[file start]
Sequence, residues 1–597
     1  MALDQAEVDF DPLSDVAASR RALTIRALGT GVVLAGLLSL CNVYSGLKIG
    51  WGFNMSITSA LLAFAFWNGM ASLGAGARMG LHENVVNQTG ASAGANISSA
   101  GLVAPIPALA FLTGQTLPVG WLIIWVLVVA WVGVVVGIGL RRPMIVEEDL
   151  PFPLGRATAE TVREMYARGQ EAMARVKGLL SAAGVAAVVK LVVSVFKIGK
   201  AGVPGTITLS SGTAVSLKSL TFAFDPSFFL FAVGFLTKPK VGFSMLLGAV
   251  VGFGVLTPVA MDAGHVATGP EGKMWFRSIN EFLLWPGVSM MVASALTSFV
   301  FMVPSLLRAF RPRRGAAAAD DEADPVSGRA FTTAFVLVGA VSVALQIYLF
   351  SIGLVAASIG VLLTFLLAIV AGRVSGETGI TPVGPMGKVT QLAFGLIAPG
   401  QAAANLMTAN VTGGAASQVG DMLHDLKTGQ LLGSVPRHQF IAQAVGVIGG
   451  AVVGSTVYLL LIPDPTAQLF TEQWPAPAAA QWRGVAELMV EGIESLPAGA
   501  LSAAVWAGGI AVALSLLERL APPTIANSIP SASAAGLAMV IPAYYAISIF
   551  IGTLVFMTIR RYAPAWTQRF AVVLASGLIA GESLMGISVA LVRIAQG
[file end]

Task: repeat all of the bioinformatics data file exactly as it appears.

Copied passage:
Sequence, residues 1–597
     1  MALDQAEVDF DPLSDVAASR RALTIRALGT GVVLAGLLSL CNVYSGLKIG
    51  WGFNMSITSA LLAFAFWNGM ASLGAGARMG LHENVVNQTG ASAGANISSA
   101  GLVAPIPALA FLTGQTLPVG WLIIWVLVVA WVGVVVGIGL RRPMIVEEDL
   151  PFPLGRATAE TVREMYARGQ EAMARVKGLL SAAGVAAVVK LVVSVFKIGK
   201  AGVPGTITLS SGTAVSLKSL TFAFDPSFFL FAVGFLTKPK VGFSMLLGAV
   251  VGFGVLTPVA MDAGHVATGP EGKMWFRSIN EFLLWPGVSM MVASALTSFV
   301  FMVPSLLRAF RPRRGAAAAD DEADPVSGRA FTTAFVLVGA VSVALQIYLF
   351  SIGLVAASIG VLLTFLLAIV AGRVSGETGI TPVGPMGKVT QLAFGLIAPG
   401  QAAANLMTAN VTGGAASQVG DMLHDLKTGQ LLGSVPRHQF IAQAVGVIGG
   451  AVVGSTVYLL LIPDPTAQLF TEQWPAPAAA QWRGVAELMV EGIESLPAGA
   501  LSAAVWAGGI AVALSLLERL APPTIANSIP SASAAGLAMV IPAYYAISIF
   551  IGTLVFMTIR RYAPAWTQRF AVVLASGLIA GESLMGISVA LVRIAQG